June 02, 2015

Review of Aquila in the New World

I recently read this book:

Aquila in the New World (Aquiliad, No. 1)On this alternate Earth, Rome rules all . . . including the New World, known in other dimensions as America but here as Terra Novo.
General Titus Papinianus is governor of that untamed land, and Aquila, chief of the savage Lacoti nation, is a Roman senator. But official titles aside, their duty is to Caesar. So when Caesar sends them on a quest for the fabled land of China, thought to be somewhere in Terra Novo, off they go.

They are hardly prepared for bloodthirsty Aztecs, flying machines, time-traveling aliens, or Bigfoot—and Aquila's problem-solving strategies are unconventional to say the least!

Before they know it, their adventures lead them into the hands of the Time Criminal, who is bent on altering all the multiple universes to suit his own evil whims. Somehow they have to stop him . . . before their world is destroyed!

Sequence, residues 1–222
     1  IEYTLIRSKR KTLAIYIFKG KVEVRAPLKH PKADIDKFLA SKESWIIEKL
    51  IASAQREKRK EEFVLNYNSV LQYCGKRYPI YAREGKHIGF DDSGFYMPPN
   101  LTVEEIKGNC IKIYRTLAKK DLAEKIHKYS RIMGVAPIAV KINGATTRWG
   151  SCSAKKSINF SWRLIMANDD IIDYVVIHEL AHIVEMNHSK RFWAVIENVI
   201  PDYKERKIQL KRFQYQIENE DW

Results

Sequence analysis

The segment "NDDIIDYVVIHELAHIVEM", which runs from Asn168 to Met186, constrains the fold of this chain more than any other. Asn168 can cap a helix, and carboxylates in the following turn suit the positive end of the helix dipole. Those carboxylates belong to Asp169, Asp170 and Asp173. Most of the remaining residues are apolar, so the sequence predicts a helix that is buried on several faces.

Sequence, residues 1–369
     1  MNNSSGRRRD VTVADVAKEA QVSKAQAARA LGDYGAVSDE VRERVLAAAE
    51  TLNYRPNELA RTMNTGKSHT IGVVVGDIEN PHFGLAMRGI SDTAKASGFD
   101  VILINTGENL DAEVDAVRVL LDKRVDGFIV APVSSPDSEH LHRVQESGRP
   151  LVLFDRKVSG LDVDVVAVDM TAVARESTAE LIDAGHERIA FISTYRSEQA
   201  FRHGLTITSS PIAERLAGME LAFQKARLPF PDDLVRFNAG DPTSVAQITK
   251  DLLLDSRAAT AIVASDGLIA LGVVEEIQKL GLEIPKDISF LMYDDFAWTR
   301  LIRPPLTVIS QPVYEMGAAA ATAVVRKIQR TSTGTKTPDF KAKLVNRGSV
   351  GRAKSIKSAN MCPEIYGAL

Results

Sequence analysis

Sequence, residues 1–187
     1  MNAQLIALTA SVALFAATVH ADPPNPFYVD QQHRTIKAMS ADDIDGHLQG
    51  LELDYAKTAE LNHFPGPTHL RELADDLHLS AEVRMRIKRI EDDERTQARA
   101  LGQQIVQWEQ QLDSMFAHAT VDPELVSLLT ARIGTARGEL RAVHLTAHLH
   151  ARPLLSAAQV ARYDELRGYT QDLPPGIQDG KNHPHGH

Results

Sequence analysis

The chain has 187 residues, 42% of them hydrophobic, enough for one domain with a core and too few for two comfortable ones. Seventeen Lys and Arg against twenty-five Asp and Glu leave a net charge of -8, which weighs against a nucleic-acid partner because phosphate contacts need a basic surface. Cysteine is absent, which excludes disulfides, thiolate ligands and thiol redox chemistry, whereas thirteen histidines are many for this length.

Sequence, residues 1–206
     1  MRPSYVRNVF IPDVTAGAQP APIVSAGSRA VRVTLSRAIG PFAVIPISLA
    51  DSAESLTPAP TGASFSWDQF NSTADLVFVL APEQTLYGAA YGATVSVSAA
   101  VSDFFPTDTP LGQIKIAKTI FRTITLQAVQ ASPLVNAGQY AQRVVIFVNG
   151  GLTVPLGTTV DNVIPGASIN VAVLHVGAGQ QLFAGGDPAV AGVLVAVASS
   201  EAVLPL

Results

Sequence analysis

Some readers' reviews on Goodreads:This science fiction novel about an alternative history where Rome has conquered the entire Earth is disjointed, rambling, and not very funny. I think this is supposed to be humor. It's hard to tell.

I don't want to give away too much, so I will only mention things the teaser material hints at: Aztecs, flying saucers, a Roman general's hunt for China (by crossing North America), flying saucers, Sasquatch, time-traveling aliens, Lacota Indians, etc. The Romans have cars. They cross the Atlantic like it's no big deal. It certainly isn't the best book I've ever read, but it was highly amusing and well worth a read if you find it for a buck or two at your local used book store.